- Davies, Norman. Europe: A History. Pimlico, London, 1997, pp. 759-802
- Engels, Fredrick. The Condition of the Working Class in England. Perspectives from the Past: Primary Sources in Western Civilizations, vol. 2. James M. Brophy, et al, eds. W. W. Norton & Company Inc, New York, 2002, pp. 473-474
- Marx, Karl & Engels, Frederick. The Communist Manifesto: A Modern Edition.Verso, London, reprinted 2001.
- Marcus, Steven. Engels, Manchester and the Working-Class. Random House, New York, 1974.
- Saint-Simon. The Incoherence and Disorder of Industry. Perspectives from the Past: Primary Sources in Western Civilizations, vol. 2. James M. Brophy, et al, eds. W. W. Norton & Company Inc, New York, 2002, pp. 444-446.
- Schwarzschild, Leopold. The Red Prussian: The Life and Legend of Karl Marx.Hamish Hamilton, London, 1947.
- Smith, Adam. The Wealth of Nations. Perspectives from the Past: Primary Sources in Western Civilizations, vol. 2. James M. Brophy, et al, eds. W. W. Norton & Company Inc, New York, 2002, pp. 420-425
- Todorov, Tzvetan. Hope and Memory: Lessons from the Twentieth Century. Princeton University Press, Princeton, 2003.
The Industrial Revolution changed society in the 19th century, shifting the lifestyles of hundreds of thousands from a dying feudalistic system to a new and untested capitalist society. Focusing on Great Britain, critics of industrialization noted the horrors of urbanization, the conditions of the working-class and other social problems and created several important responses that demonized and tried to solve the issues rooted in capitalistic free-market economics. The Industrial Revolution’s consequences are both positive and negative; increasing efficiency, technology and modernization has helped positively shape modern society but has also created a political and economic environment that inspires new socialist ideas. Epitomized by Marxism, these negative criticisms changed the course of history by shaping the events of the Russian Revolution and consequently unquestionably influencing the events of the 20th century, making Marxism the most influential by-product of the Industrial Revolution.
The industrialization of Great Britain began in the mid-18th century. Leading the Industrial Revolution, Britain was seen as “the workshop of the world” (759, Davies) beginning the shift from small cottage industries to the more grand scale of massive factories requiring large numbers of peasants to facilitate production of new factory goods. Its effect was unquestionable, “Europe vibrated with power as never before: with technical power, economic power, cultural power, intercontinental power” (pg 759, Davies). The massive exodus of workers into urban centres, such as Manchester, changed the social structure that left 19th century thinkers baffled and torn with what to make of this new revolutionary, new economic paradigm. With the hindsight of historians, one can easily say that, “No change in human life since the invention of agriculture, metallurgy, and towns in the New Stone Age has been so profound as the coming of industrialization” (764, Davies). In the economic sphere, the growth of the capitalist money economy turned self-sufficient agrarian peasants under feudalism into wage-earning consumers with new aspirations centred in urban communities such as Manchester and New Lanaark.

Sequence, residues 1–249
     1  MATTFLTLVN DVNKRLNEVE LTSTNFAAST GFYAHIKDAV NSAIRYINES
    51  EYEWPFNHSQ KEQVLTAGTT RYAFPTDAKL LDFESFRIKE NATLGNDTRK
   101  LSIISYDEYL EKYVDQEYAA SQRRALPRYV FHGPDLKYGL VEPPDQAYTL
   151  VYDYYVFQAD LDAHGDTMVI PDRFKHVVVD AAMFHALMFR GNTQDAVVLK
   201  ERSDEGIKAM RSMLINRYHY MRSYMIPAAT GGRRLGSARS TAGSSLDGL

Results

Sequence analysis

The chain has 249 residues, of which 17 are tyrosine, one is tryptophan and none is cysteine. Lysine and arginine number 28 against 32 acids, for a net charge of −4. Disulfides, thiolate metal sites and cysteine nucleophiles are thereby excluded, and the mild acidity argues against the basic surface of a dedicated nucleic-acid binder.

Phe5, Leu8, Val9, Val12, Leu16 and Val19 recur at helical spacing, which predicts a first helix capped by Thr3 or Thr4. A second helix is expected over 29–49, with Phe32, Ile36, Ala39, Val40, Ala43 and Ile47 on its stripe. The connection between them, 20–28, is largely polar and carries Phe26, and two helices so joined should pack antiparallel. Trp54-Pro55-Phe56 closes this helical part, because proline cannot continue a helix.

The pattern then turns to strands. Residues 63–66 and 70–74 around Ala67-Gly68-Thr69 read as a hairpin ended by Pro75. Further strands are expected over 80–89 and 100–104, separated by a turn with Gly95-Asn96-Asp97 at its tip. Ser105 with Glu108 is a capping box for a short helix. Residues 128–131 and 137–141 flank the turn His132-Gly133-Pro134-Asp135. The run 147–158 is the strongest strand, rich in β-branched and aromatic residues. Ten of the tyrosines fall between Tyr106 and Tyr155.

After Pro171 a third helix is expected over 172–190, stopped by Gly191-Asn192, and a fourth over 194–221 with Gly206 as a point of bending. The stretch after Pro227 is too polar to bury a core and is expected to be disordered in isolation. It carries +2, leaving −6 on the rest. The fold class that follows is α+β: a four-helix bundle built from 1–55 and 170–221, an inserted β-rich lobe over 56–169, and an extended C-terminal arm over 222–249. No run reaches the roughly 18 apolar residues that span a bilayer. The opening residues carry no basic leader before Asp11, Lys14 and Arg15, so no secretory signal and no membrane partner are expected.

With the gradual decline of feudalism, a new business bourgeoisie emerged in Britain under the liberal-economic politics. Davies allots three stages of 19th century European society, “those of reaction (1815-48), reform (1848-71), and rivalry (1871-1914)” (763, Davies). The reactionary stage is a direct response to the actions of the emerging bourgeoisies. Although seen as greatly changing society for the better, introducing what was to be the ‘golden age’ of capitalism, there are reactions on both sides for and against one ideology; namely capitalist-economics perpetrated by the bourgeoisie. “The harsh economic conditions of early industrial capitalism produced a new era in social relations and political struggle” (454, Perspectives) which grew into a critique and call for complete change of the current system personified best in Marxism.